Less usual needs

There are some utilities that make the crate useful in more places than just the basics described above.

The load_signal_safe method can be safely used inside unix signal handlers (it is the only one guaranteed to be safe there).

The Cache allows further speed improvements over simply using load every time. The downside is less comfortable API (the caller needs to keep the cache around). Also, a cache may keep the older version of the value alive even when it is not in active use, until the cache is re-validated.

The access module (and similar traits in the cache module) allows shielding independent parts of application from each other and from the exact structure of the whole configuration. This helps structuring the application and giving it access only to its own parts of the configuration.

Finally, the gen_lock module allows further customization of low-level locking/concurrency details.

Performance characteristics

There are several performance advantages of ArcSwap over RwLock.

Lock-free readers

All the read operations are always lock-free. Most of the time, they are actually wait-free, the notable exception is the first load access in each thread (across all the instances of ArcSwap), as it sets up some thread-local data structures.

Whenever the documentation talks about contention in the context of ArcSwap, it talks about contention on the CPU level ‒ multpile cores having to deal with accessing the same cache line. This slows things down (compared to each one accessing its own cache line), but an eventual progress is still guaranteed and the cost is significantly lower than parking threads as with mutex-style contention.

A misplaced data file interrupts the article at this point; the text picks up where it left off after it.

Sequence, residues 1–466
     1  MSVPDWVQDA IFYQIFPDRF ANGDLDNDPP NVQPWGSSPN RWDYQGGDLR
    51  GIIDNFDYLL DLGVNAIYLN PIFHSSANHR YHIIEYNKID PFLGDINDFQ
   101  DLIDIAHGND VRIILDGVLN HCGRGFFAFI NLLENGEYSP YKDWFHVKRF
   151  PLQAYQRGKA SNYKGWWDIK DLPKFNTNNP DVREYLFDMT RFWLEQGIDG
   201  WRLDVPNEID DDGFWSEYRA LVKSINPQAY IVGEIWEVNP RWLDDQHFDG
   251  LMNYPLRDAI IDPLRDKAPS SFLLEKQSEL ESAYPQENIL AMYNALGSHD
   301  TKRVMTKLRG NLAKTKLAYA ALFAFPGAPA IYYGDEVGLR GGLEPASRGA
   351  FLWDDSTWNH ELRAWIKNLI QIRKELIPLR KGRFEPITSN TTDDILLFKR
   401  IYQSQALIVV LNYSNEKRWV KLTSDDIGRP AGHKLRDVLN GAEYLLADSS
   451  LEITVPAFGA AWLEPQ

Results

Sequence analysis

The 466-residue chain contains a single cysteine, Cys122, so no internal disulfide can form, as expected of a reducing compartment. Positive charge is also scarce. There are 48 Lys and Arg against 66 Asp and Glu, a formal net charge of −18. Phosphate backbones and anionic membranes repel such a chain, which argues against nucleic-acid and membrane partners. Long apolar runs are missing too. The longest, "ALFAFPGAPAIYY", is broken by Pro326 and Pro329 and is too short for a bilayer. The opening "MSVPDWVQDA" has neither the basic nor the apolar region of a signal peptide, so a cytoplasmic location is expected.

Unfortunately writers are not lock-free. A reader stuck (suspended/killed) in a critical section (few instructions long in case of load) may block a writer from completion. Nevertheless, a steady inflow of new readers nor other writers will not block the writer.


The base line speed of read operations is similar to using an uncontended Mutex. However, load suffers no contention from any other read operations and only slight ones during updates. The load_full operation is additionally contended only on the reference count of the Arc inside ‒ so, in general, while Mutex rapidly loses its performance when being in active use by multiple threads at once and RwLock is slow to start with, ArcSwap mostly keeps its performance even when read by many threads in parallel.